Thanks for the input, guys. Keep it coming.
Chop
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I am glad you recognize that you need to be careful and I do understand your not wanting to readjust everything. You might try removing the belt and spinning the lower wheel by hand but you may not be able to get the rpm's up high enough. Maybe wrap some small rope around the bottom wheel pulley and giving it a pull like starting a old lawn mower.
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This isn't bay area Dave is it Mike
wrote:

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Nope. Different Dave (Dave Ballard, actually). I used to post under woodworker [at] the [dash] ballards.us before FreeAgent blew up on me and I switched to Gmail/Google Groups. Not that it's been a big improvement.
Chop (aka Dave, former FreeAgent advocate)
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On Mon, 21 Feb 2005 22:19:43 -0800, Mike M

I don't think so, but I'd be expecting him to chime in right about now...
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I completely fixed the vibration in my Delta BS by replacing it with a Powermatic 14. Seriously. Delta couldn't fix the problem, so I got a full refund. The Powermatic is as smooth as the proverbial sewing machine. And more features to boot.
Dave
snipped-for-privacy@gmail.com wrote:

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I find that to be an odd expression. My wife has a sewing machine (Bernina) that costs than my cabinet saw, and it sounds like a soft baby jackhammer. It doesn't make so much noise as it transmits a low-frequency thumping into the floor joists.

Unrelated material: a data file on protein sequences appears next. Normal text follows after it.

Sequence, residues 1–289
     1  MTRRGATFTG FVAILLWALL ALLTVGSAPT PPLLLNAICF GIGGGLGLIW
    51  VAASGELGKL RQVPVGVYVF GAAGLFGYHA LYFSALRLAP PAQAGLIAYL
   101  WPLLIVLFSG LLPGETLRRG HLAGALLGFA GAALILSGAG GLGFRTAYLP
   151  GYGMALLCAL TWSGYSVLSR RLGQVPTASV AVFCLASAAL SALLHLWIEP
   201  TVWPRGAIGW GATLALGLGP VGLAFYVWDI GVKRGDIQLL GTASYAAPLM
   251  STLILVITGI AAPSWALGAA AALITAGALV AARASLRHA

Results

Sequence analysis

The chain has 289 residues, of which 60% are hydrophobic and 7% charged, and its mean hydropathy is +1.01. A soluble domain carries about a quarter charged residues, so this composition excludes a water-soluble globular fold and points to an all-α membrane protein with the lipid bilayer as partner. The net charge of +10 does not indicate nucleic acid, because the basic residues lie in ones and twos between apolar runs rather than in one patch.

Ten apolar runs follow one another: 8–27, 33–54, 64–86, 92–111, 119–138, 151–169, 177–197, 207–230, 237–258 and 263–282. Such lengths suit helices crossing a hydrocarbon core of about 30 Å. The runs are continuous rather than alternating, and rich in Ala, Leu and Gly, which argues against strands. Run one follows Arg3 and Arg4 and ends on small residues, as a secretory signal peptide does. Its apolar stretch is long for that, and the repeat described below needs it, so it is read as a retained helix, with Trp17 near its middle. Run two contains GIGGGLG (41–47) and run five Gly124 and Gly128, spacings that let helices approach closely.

It's a fine machine but "Smooth" is just not the word I would use to describe it.
Come to think of it maybe I'll have her "nickel-test" it.
-Steve
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==============================Lol...My wife has 4 sewing machines..and like your wife one is a Bernina ....and that sucker cost me close to $4,000 Plus I had to spring for a Laptop computer so she could program the damn thing...
IS her sewing machine smooth running...? damn if I know I never used one in my life.... and with her around the house I never plan on learning ...
However I am now in the market to replace my original 30+ year old Bandsaw That I bought from (sears...lol) Maybe I should just raise my budget at least up to the price I had to pay for the laptop computer
Bob Griffiths
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Perhaps due to your experience you find it an "odd" expression, but it is a fairly common expression, none the less. Did you watch the Ellen Degeneres stand up routine where she mocked the expression "packed tight as sardines"? She made quite a case for changing that to "packed tight as pickles". (You had to see her routine to appreciate the humor)
Dave
Stephen M wrote:

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People say all sorts of things. Some people say the same thing over and over and it becomes common to them. But it is not common unless a lot of people use the expression.
I've heard smooth as (a lot of things including a baby's butt), but I have never heard smooth as a sewing machine. Course I haven't heard everything but I don't lead a sheltered life. I even heard sweat like a pig the other day which is not common, doesn't make sense, and should be sweat like a race horse. Smooth as a sewing machine doesn't make sense either; ask anyone who uses a sewing machine. It is not a common expression, no matter what you think. It is a Stupid expression, however.
David wrote:

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Funny how different we are. I've heard that expression since I was a little kid. You might even Google it, George. Your opinion has been duly noted.
Dave
George E. Cawthon wrote:

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Here's just one for your edification, George:
http://www.epinions.com/content_26161811076
George E. Cawthon wrote:

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Yeah, that's cool. "Purrs like a sewing machine" just doesn't have the feel of "purrs like a kitten" does it?
David wrote:

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How about, "purrs like a diesel engine at 1100 RPM" That has a nice ring to it.